The movie begins with a middle-aged, grey-haired man named Winfried confusing a delivery man by posing as twins and making jokes about defusing bombs. Later, he goes to his ex-wife’s house to see their only child, Ines, who’s just returned from a business trip to Shanghai, and who works as an industrial consultant in Bucharest, Romania. Winfried is upset they’re having an early birthday party for Ines, who’s returning to Bucharest the next day. He barely has time to talk to Ines because she’s always on the phone, but he promises he’ll get a birthday gift to her by the time her birthday arrives.

When Winfried’s elderly blind dog suddenly dies, he shows up at his daughter’s company in Bucharest, where she’s trying to finalize a deal with a German oil company there that wants to outsource its Romanian jobs. Reluctantly, Ines drags her disheveled father to a party at the American embassy, but he keeps making uncomfortable jokes, even in front of the oil company’s CEO.

That weekend, the tension between father and daughter mounts, and Winfried decides to return home. However, when Ines goes out to dinner with her female friends, Winfried shows up in a black wig and a suit and calls himself Toni Erdmann. He also pretends to be a consultant and personal coach to the oil company CEO. Afraid to hurt her business affairs, Ines plays along with her father, but how long will that last?

TONI ERDMANN sounds like it could be a wild, fun comedy from Germany. However, the movie’s female writer and director, Maren Ade, turns it into a no frills, slow-moving character study, with a natural soundtrack. Even worse, she throws in a lewd sex scene between Ines and her boyfriend. That scene also includes the movie’s first “f” words. Then, the ending contains another lengthy lewd scene with much more excessive nudity.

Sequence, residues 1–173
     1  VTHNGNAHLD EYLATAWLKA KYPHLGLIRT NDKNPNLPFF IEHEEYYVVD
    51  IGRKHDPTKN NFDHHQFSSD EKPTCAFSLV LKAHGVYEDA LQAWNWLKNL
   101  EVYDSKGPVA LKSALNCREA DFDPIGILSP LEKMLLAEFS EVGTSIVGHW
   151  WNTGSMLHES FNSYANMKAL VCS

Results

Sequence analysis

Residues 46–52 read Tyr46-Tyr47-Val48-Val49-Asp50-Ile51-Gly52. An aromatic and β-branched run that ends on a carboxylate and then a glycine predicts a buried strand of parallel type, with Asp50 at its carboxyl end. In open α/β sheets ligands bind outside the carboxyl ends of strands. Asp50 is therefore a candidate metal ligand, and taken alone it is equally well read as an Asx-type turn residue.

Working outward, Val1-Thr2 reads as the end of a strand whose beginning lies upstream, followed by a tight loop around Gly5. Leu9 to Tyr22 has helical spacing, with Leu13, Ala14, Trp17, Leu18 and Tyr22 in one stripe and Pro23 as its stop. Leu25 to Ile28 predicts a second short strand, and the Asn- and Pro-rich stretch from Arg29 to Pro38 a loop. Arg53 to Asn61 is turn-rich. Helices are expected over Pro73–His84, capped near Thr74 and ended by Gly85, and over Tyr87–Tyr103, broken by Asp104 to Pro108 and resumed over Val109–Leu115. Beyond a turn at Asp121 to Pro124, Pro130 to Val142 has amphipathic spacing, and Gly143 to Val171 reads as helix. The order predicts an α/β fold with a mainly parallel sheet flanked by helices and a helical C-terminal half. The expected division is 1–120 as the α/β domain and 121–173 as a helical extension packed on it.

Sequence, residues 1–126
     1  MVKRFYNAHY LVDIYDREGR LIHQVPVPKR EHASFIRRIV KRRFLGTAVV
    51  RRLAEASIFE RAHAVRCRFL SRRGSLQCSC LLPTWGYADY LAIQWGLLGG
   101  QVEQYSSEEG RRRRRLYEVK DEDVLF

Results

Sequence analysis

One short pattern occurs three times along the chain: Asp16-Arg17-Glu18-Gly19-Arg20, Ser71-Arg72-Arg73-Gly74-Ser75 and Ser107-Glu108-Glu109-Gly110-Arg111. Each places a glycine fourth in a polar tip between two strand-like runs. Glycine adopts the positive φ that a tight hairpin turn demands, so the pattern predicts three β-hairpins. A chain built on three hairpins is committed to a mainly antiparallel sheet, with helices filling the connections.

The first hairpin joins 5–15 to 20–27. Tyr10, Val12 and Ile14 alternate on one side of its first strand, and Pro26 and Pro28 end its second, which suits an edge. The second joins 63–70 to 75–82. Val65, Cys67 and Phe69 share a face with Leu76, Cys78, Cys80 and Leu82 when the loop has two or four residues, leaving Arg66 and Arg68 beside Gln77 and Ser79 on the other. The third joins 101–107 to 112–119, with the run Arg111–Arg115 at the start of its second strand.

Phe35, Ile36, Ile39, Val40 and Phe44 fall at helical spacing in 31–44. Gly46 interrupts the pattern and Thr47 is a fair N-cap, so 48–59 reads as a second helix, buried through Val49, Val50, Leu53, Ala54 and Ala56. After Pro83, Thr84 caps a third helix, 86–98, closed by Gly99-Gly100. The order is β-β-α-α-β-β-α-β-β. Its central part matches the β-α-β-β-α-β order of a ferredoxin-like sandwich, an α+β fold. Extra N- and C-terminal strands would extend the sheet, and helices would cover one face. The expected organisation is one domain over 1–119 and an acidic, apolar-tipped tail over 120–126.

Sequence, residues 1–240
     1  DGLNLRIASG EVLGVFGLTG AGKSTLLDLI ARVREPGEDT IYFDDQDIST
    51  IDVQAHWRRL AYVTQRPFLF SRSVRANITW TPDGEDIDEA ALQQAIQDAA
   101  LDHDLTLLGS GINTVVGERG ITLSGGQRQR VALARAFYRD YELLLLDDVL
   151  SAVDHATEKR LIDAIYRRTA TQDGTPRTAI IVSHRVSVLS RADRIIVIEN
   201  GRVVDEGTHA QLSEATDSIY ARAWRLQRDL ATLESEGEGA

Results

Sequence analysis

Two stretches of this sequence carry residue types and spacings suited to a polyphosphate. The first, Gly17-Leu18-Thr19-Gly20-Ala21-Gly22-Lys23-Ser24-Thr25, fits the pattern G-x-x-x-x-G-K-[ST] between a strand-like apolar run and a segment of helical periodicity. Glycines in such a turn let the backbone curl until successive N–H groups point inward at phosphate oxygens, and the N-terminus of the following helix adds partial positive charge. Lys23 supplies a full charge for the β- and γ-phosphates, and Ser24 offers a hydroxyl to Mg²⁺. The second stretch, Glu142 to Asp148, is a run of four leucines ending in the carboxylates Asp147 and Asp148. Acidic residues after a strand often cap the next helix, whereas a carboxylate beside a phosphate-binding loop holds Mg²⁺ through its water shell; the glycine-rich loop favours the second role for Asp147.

Ultimately, Maren Ade seems to be making two major points or messages. Both messages are conveyed by the father in the story.

The first message is: Don’t take everything so seriously or lose your sense of humor. The second message is combined with the first when the father advises his daughter not to focus so much on her business affairs or obligations and let the precious moments of life will pass by her. One of the best moments he remembers, he says, was watching her as a child learn to ride a bicycle for the first time.

Eventually, Ines adopts these two life lessons from her father. They seem to have a positive effect on her uptight character, but only up to a point. For instance, in one scene, they also encourage her to let go of all her inhibitions. It’s a funny scene, but it includes Ines taking off all her clothes at her private birthday party in Bucharest and encouraging everyone else to do the same.

So, in the end, TONI ERDMANN presents a strong Romantic worldview that uses some potentially positive principles to promote a lawless attitude. Even that message, however, doesn’t need crude language or extreme nudity to accompany it. It’s certainly not going to appeal to any truly discerning moviegoers if you take so long to deliver the message or wrap it with so unattractive a packaging. TONI ERDMANN seems to be a perfect example of form working against content.